The daughter of a woman who died last year in a Clovis, California, nursing home has filed a wrongful death lawsuit in Fresno County Superior Court. The suit alleges that Willow Creek Nursing Home was negligent in the treatment of the 88-year-old woman during her two-week stay, leading to her death due to sepsis and cardiac arrest. In addition to making allegations of the failure to provide proper care, the suit alleges that the nursing home kept inaccurate and incomplete records of the woman's treatment.

The woman had lived independently at home using a walker but landed in a hospital emergency room after a fall. In addition to minor injuries from the fall, she was diagnosed with an infection, early-stage pneumonia and an irregular heartbeat. After her condition was stabilized with antibiotics and fluids, doctors recommended that she recuperate in a nursing home, where she could receive 24-hour care, with the ultimate goal of returning home.

Staff left residents after a California facility was shut down

Fourteen elderly people were abandoned in a nursing home that was ordered closed by the state following an investigation in 2013 involving complaints regarding inadequate employee background checks and training. Charges of felony elder abuse have been filed against the owner and administrator of the facility after they had reportedly left without making arrangements for the care and placement of the remaining residents. Officials stated that a few staff members opted to stay with the abandoned residents once the majority of staff left.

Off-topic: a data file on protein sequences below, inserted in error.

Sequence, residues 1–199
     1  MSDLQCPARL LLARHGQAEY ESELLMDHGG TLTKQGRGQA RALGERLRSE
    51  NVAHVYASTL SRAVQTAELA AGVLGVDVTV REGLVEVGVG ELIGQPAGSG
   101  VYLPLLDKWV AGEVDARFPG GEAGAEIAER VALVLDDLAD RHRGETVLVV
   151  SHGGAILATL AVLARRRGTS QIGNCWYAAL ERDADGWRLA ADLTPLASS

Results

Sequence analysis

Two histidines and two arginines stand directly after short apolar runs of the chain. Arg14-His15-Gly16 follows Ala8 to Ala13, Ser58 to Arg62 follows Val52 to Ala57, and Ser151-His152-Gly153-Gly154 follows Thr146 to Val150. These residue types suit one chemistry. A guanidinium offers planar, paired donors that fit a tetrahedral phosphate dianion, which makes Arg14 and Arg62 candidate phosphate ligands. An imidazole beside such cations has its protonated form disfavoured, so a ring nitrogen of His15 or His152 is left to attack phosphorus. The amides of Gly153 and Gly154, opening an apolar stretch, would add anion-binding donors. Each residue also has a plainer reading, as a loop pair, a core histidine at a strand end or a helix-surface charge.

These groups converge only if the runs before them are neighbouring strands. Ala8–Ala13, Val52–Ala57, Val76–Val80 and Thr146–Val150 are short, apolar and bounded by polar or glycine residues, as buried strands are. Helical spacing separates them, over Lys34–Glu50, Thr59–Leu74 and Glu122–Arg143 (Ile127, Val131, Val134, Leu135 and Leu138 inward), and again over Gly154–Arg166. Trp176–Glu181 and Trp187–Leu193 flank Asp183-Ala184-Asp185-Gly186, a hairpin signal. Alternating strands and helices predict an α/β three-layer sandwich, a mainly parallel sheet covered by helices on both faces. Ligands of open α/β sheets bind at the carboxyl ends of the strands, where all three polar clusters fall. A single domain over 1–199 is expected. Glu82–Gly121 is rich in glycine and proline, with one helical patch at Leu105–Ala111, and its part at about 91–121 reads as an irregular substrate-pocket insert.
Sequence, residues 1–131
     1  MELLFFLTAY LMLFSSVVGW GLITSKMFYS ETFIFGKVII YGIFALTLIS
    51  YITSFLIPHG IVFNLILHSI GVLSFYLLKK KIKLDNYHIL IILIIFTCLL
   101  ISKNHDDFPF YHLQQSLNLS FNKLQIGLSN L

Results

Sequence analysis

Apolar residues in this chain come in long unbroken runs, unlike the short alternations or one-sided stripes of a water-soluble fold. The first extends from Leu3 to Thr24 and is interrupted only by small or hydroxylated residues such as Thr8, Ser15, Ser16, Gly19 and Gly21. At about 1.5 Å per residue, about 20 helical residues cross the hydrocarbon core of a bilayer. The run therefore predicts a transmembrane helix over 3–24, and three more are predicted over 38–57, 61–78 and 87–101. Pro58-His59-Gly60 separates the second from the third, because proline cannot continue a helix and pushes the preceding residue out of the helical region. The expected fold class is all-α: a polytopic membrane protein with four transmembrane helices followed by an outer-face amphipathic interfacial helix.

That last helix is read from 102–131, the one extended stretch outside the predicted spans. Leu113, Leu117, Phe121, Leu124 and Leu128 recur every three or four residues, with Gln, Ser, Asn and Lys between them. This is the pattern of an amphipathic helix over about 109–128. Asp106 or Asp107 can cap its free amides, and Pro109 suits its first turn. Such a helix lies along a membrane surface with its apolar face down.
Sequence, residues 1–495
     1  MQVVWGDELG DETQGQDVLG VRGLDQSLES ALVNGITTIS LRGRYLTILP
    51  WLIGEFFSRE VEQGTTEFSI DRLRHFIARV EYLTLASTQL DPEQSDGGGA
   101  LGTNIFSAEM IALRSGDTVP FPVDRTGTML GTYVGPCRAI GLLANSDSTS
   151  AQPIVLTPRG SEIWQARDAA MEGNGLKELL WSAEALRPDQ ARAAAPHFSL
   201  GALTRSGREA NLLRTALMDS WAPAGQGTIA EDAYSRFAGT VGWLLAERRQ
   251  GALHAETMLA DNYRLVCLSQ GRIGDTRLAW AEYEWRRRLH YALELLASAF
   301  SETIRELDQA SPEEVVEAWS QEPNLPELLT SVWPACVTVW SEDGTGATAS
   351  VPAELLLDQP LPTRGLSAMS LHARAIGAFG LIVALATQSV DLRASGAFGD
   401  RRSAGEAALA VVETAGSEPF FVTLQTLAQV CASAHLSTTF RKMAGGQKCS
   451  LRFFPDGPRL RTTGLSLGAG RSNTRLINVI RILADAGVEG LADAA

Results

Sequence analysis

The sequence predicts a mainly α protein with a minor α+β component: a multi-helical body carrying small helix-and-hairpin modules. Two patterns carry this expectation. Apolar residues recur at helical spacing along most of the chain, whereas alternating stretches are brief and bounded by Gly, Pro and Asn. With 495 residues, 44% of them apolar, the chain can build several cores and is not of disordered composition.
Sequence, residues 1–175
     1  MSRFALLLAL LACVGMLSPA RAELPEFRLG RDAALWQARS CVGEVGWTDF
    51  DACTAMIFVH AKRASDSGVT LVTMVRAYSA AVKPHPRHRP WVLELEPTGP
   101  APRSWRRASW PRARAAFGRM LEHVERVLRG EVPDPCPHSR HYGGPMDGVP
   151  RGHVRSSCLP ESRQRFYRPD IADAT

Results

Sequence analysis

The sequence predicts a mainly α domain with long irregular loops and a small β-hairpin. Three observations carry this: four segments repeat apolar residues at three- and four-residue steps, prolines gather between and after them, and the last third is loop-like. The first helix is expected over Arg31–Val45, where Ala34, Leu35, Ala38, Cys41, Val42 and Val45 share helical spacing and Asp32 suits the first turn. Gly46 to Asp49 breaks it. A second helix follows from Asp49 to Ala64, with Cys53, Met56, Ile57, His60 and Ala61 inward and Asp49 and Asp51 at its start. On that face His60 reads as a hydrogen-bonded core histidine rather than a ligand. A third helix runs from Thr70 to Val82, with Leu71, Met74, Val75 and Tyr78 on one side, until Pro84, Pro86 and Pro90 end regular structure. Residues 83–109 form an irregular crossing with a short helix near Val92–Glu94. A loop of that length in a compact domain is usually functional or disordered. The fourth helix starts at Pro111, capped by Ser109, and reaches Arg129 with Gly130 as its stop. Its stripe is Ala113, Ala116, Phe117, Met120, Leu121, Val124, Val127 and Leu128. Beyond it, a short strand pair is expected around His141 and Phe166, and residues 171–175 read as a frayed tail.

Paramedics were said to have discovered the residents a couple days after the accused had left. A note from the Department of Social Services was still on the door. Former employees attempted to manage the residents' care, which included several bed-ridden individuals. A cook indicated that he felt obligated to provide what care he could during the ordeal after having grown close to some of the residents.

Pursuing justice for elder abuse in California

If you suspect your loved one is a victim of elder abuse or has died at the hands of a negligent health care or hospital employee, our law firm may be able to help you hold the suspected liable party responsible for their actions so that justice can be served. Located in Southern California, The Law Office of Kevin P. Kane, Esq. has experience in fighting for the rights of the elderly.

Our firm has knowledge of the effects that nursing home negligence and elder abuse can cause on families. Families whose loved one has suffered poor treatment or death because of a negligent or careless employee should be fully compensated for their losses. We believe that our elderly, who are some of the most vulnerable and weak in our society, should be treated with utmost respect and care.